So, there is a cautionary side effect to reading my book or listening to it, which is: it’s now entered you. And now that the story is inside you, it’s going to change you. And then it’s going to force you to impart that story or that book to someone else. It’s like there is an awakening happening through the sharing of these stories. So Durga is that goddess and her mere memory makes us bold. For example, even till today, if I have to have a difficult conversation, I’m a human being, I might have a moment of, should I, should I not? And then I see Durga in my mind’s eye and I say, I might blunder at it, my heart might be terrified, but I’m going to open my mouth and I’m going to speak my truth. I’m going to say it softly, but uncompromisingly. And that’s that. That’s the modern-day goddess in me speaking up and saying, I’d like to have a conversation with you and that’s it.
AA: I wondered if you could briefly tell us the story of Durga when she was incarnated as a woman and was sexually accosted. Would you be able to tell us that story?
AS: Yeah, in brief, but I have a whole chapter dedicated to it. And what she did was that she didn’t stay silent and she didn’t ask women across the world to stay silent for decades until it took a #MeToo movement to say “I was silenced”. She roared. She roared a “No”.
And there are two kinds of characters in Hindu mythology, Amy, the characters that represent light and the characters that represent darkness. The malevolent darkness, not the good darkness. And once the dark characters took over everything, earth, heaven, light was obstructed, and the characters that represent light were driven away from their land. They went to the male god, Shiva, Brahma, and Vishnu, and they said, this is beyond us, and if you want us to help you remember, power is feminine. They wanted to address the situation with power. So through their anger and through their righteous rage which they experienced, emerged a great light. And that light coalesced into the great goddess, a beautiful goddess Durga. But Durga was in a female, womanly, earthly avatar, a manifestation, and her name was Ambika at that time. She was so beautiful that it was hard to look at her. And her complexion was that of a thousand full moons. Her hair was as dark as the dark night where there is no moon. Her eyes were as large as a hundred lotuses swimming together. So she was just beautiful, beautiful.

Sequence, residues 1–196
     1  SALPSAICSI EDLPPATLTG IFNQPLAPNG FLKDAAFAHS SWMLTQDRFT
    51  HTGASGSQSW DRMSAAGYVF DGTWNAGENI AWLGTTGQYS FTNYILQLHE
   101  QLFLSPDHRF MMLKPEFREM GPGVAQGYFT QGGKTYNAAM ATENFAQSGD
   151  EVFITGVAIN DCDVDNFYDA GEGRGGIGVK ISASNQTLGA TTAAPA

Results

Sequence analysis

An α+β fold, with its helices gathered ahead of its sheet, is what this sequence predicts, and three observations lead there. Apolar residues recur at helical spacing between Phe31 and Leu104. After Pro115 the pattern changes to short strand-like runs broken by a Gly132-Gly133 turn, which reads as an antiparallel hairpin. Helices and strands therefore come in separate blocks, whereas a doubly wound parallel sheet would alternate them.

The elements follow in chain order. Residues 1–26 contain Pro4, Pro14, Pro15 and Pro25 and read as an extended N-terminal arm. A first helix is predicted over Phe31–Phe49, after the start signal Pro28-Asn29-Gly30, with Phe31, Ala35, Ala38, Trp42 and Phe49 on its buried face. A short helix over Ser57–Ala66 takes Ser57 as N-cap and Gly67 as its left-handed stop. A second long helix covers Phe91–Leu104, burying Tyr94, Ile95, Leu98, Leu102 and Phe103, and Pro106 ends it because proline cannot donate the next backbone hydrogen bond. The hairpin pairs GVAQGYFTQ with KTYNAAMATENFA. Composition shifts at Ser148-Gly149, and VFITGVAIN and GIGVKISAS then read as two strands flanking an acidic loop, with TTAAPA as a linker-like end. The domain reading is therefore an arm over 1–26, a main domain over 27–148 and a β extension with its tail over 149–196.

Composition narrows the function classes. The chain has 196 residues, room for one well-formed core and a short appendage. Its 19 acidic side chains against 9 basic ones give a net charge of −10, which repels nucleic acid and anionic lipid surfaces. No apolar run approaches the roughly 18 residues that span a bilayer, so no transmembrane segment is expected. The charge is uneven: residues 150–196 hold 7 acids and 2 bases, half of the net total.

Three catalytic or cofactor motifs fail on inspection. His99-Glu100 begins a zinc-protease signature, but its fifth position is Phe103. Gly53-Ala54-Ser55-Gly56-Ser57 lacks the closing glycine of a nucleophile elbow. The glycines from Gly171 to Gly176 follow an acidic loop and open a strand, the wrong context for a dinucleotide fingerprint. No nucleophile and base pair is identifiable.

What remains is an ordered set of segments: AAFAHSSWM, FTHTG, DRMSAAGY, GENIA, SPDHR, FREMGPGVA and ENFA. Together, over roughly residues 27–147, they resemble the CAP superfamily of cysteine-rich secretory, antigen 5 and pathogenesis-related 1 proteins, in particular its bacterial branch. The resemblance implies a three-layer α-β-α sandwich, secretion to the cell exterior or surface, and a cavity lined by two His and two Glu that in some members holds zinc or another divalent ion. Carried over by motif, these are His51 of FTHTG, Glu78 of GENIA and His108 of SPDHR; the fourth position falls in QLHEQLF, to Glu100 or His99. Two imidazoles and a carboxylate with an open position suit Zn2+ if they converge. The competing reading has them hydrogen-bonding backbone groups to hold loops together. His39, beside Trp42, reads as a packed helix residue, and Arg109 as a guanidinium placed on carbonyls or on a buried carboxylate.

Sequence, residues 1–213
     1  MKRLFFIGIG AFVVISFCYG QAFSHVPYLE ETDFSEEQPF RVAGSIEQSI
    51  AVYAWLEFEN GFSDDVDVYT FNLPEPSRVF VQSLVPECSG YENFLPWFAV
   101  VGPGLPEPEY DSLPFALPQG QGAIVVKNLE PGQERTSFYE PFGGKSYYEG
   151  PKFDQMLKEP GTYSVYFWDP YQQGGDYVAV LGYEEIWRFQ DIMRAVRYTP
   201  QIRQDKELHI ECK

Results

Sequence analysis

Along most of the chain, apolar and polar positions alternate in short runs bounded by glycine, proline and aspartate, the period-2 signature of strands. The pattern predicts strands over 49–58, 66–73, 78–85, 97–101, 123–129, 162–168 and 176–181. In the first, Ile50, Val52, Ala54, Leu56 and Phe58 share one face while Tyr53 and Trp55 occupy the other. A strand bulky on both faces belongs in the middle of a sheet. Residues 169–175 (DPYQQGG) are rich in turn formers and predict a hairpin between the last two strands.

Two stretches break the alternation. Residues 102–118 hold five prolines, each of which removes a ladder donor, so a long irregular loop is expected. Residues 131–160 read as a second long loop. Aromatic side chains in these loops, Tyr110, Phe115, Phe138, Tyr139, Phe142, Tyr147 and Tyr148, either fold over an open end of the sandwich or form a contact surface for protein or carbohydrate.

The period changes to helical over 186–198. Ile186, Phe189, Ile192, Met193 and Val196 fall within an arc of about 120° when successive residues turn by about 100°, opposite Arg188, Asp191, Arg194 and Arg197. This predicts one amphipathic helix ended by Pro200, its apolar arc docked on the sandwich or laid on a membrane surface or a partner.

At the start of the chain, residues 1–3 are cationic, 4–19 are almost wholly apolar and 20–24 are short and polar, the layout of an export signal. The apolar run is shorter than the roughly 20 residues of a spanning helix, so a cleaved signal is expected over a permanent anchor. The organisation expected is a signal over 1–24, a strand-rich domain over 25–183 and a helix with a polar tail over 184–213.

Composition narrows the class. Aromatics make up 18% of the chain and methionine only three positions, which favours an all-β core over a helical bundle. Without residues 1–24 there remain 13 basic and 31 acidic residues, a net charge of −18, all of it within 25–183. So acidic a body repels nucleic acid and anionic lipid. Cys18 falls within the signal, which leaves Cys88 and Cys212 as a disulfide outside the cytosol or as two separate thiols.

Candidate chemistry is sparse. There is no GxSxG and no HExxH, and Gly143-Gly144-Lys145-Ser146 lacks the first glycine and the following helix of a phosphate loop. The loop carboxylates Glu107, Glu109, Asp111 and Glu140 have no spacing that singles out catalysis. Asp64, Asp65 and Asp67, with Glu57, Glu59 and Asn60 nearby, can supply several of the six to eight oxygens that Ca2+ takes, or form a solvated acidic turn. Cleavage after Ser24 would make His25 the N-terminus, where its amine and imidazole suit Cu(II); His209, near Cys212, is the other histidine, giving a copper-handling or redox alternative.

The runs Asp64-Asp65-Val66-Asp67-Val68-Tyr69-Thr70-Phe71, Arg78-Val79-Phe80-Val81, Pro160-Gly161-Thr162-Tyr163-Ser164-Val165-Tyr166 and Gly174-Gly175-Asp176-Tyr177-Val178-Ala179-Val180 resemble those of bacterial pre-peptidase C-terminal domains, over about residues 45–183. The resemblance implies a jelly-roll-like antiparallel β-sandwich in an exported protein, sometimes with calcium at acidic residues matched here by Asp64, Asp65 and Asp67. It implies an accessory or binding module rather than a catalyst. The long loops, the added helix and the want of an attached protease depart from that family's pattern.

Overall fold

And what Ambika/Durga did was she went to the area where these dark forces were, and she just hung out there on purpose. Until some of those dark characters saw her and they thought that she would make a great wife or a mistress for their leaders. Then situations connived and she was offered the hand in marriage like,” why don’t you become the wife of our leaders and they will treat you so well?” And she said no. So initially what started out as a proposal for marriage started turning into subtle threats like, “what’s a girl like you doing alone?” Like, “how come you’re not married and respectable? Do you need a man to make you respectable?” And after a while, it turned into clear threats, like “you better say yes or we’ll drag you by your hair.” So this is what a typical woman faces. This is what Ambika faced. Initial romance to lust, to then dangerous threats and even potential molestation.
But Durga kept saying no. And she said very strategically that if you want me, you have to win me in war. And she invited the dark forces to win her in war. Of course, she was invincible. She brought in through her rage through her third eye, Kali, who is a naked goddess, dark as the dark space out there, wearing a mala of skulls. Her nakedness represents her barebone truth. The skulls represent the death of egos and delusions and illusions. And she both had many aspects of herself through her being, and she was invincible in every way. And she killed even the last of those dark demonic beings who really represent arrogance, who represent entitlement, who represent sexual privileges, who represent what a female oftentimes has to bear on earth today, which is the out of control lust of the male species.